Update: Well, here we are:

In addition to vowing to hold WikiLeaks to account, the administration also instituted new measures to try to prevent leaks.

Office of Management and Budget Director Jacob J. Lew instructed government departments and agencies to ensure that users of classified information networks do not have broader access than is necessary to do their jobs, and to restrict the use of removable media such as CDs or flash drives on such networks.

OMB, the federal Information Security Oversight Office and the Office of the Director of National Intelligence will evaluate aid the agencies in their efforts to strengthen classified information security, Lew said.

The White House move in turn comes a day after the Pentagon announced similar steps to bolster network security following a review ordered by Defense Secretary Robert M. Gates in August. [WP]

When BlackBerry went to New Delhi

BlackBerry must comply with Indian law. India needs a new debate on privacy.

Yes, terrorists can use anything to communicate with each other, plan attacks and help carry them out.

Hafiz Mohammed Saeed can write letters, in code, and send it by post to his sleeper agents in India. He probably does that. But not all means of communications are alike in their ability to help terrorists carry out attacks. A terrorist with a satellite phone with real-time voice and data connection is far more dangerous than a terrorist who carries letters in his pocket. So the argument that terrorists can use anything to communicate is not a valid counter to the argument that government agencies can prevent, investigate and prosecute terrorists better if they are capable of intercepting or blocking real-time communications.

For instance, there is a reasonable argument that the damage to life and property in Mumbai during the 26/11 attacks might have been lower if the terrorists had been denied access to real-time communications, from satellite phones, to cellular phones to broadcast television. There is also a reasonable argument that the ability to intercept the phone calls made by the terrorists plays an important role in prosecuting them in courts of law and in courts of public opinion. India’s law enforcement agencies have had the ability to tap your phone for ages, but apart from the odd political scandal, it is difficult to build a case that this has somehow led to the infringements of the rights of ordinary citizens.

The current debate over Blackberry’s messaging system must be placed in this context. The ongoing discussion between the Indian government and Research In Motion (RIM), the Canadian company that provides BlackBerry services, involves two inter-related issues.

First, whatever might be RIM’s values, business practices and corporate policies, its business in India is governed by Indian law. The contention that “no one else has a problem with our service” is no defence—India has security considerations that might be peculiar to it, and as long as the requirements are constitutionally legitimate, RIM must comply. It is disingenuous to conflate the legitimate authority of a constitutional democracy—imperfect as India’s is—with that of the demands made by totalitarian or authoritarian states. The two are morally and practically different. [See this editorial in the Globe and Mail].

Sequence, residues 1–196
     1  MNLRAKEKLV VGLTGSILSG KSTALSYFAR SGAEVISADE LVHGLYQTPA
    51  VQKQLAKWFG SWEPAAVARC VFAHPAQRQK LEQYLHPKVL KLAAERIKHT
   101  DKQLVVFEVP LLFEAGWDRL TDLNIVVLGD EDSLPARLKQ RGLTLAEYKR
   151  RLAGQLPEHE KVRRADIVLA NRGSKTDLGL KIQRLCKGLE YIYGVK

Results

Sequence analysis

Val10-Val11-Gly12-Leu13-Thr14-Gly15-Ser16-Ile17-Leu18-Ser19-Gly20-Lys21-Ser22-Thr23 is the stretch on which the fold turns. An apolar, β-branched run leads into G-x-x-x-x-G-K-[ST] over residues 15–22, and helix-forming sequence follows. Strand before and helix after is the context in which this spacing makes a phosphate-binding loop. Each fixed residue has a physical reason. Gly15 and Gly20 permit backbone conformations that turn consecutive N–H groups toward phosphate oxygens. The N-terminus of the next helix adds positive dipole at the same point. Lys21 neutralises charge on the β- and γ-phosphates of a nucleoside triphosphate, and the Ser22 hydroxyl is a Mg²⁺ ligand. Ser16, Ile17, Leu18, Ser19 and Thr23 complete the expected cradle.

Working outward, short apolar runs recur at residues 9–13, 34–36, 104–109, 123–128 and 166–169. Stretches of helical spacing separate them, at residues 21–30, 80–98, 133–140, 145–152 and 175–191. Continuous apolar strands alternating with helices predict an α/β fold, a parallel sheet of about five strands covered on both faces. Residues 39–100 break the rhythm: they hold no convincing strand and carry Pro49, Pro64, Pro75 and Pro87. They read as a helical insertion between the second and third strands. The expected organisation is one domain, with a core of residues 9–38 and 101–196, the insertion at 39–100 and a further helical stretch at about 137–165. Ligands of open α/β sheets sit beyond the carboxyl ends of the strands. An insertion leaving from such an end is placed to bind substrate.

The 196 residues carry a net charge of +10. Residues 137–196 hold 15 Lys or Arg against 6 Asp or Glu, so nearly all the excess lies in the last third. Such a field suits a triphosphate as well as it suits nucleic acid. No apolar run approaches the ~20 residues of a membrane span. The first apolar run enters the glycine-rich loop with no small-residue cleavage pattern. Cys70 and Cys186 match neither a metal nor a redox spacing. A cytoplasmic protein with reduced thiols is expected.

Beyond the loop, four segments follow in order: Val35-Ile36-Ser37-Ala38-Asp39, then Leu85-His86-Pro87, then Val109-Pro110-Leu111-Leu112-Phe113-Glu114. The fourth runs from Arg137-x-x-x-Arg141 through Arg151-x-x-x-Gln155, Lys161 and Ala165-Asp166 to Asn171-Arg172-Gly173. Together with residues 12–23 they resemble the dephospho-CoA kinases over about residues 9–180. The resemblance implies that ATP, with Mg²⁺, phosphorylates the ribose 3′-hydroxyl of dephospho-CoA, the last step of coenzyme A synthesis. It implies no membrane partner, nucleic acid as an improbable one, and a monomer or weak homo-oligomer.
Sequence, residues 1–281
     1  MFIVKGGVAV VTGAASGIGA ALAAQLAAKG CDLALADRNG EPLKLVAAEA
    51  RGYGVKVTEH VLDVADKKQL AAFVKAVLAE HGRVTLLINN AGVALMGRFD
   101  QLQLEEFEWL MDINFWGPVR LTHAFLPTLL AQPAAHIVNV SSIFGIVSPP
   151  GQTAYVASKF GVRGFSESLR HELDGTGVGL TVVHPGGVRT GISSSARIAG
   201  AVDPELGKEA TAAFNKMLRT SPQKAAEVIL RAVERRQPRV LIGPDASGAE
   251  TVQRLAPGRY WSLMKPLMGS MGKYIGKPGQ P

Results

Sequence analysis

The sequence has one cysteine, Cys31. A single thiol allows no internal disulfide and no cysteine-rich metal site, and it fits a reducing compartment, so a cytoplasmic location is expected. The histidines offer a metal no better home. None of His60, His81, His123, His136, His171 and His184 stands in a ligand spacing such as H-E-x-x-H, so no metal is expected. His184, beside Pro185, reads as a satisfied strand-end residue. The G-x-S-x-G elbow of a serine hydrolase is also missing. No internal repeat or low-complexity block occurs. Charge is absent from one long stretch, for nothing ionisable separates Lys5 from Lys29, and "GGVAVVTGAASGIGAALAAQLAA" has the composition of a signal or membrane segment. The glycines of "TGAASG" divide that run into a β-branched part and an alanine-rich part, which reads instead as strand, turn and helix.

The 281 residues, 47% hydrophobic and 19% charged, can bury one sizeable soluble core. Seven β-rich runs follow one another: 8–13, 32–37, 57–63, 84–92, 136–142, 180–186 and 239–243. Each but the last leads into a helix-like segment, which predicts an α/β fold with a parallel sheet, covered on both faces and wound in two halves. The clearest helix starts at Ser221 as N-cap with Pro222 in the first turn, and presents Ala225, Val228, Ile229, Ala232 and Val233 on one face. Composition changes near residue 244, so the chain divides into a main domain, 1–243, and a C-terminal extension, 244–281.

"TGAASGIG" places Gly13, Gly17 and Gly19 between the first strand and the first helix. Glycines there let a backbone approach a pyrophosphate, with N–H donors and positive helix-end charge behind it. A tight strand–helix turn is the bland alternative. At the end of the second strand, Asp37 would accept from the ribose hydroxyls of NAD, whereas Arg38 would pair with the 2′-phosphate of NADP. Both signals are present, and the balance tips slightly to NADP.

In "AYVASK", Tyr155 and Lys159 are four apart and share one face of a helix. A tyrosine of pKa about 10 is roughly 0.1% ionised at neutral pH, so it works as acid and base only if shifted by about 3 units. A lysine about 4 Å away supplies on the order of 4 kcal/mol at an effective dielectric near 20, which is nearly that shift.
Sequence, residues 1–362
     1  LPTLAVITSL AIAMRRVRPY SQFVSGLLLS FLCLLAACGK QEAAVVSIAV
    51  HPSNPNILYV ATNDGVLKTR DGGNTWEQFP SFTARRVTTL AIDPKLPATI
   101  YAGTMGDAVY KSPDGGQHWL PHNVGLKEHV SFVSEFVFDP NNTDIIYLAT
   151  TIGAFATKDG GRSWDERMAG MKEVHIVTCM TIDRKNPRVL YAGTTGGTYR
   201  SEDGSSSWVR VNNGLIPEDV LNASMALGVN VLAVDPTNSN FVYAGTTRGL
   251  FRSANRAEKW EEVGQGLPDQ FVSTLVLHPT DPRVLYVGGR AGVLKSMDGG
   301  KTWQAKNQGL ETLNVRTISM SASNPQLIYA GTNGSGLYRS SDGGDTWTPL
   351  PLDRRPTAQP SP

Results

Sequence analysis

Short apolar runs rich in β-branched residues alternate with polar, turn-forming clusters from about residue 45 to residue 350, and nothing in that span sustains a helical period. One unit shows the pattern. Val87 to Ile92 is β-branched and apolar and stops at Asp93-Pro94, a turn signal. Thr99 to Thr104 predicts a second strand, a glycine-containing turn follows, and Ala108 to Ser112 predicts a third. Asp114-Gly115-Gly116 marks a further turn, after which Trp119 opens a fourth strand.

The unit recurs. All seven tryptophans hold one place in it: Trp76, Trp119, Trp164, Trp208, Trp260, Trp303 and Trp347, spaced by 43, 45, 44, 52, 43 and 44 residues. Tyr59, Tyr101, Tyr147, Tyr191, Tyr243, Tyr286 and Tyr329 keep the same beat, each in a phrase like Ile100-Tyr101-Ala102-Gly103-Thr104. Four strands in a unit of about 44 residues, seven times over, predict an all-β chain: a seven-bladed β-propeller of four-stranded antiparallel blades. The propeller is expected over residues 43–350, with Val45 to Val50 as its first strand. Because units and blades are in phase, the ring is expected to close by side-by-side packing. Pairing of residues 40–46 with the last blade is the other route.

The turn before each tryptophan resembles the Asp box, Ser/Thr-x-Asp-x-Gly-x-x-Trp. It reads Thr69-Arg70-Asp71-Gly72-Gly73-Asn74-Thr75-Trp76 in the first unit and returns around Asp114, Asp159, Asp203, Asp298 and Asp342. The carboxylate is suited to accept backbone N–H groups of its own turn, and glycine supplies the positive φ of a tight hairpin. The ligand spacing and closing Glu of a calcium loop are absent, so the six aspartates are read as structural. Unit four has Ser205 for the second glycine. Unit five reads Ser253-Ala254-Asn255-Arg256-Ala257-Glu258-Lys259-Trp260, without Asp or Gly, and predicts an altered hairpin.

RIM could insist—as it has just done—that it is not treated any differently from others in the field, but it cannot get away with the excuse that its corporate policy overrides the rule of law in India.

Second and the more important issue is for India to establish due processes to determine just who, under what circumstances and under what checks and balances gets to actually block or intercept communications. A national debate over digital privacy, powers of government and mechanisms for redressal is now urgent, as the Indian economy and society become ever more reliant on communications networks.

It is clear that citizens need greater, more credible safeguards. It is also clear that the government needs to be more capable of addressing threats that arise from advances in communications technology. What is not clear is whether the political establishment sees these as priorities worthy of wider public deliberation. The usual practice of passing legislation without adequate parliamentary debate is neither likely to reassure citizens of their rights nor offer new ideas to law-enforcement agencies.

This blog has consistently argued against blunt measures like banning telecommunication services, even and especially in insurgent & terrorist affected areas. Governments must learn how to operate in an information-rich, networked world. Therefore, to the extent that the Indian government’s threat to block BlackBerry services is a device to press RIM to better co-operate with the law-enforcement agencies, it is tolerable. Such a threat is credible only if it can hurt both the government itself and RIM. This appears to be the case.

However, it would be a serious mistake if the government were to make such a ban permanent. Not because India needs the BlackBerry, but because the underlying rationale is self-defeating.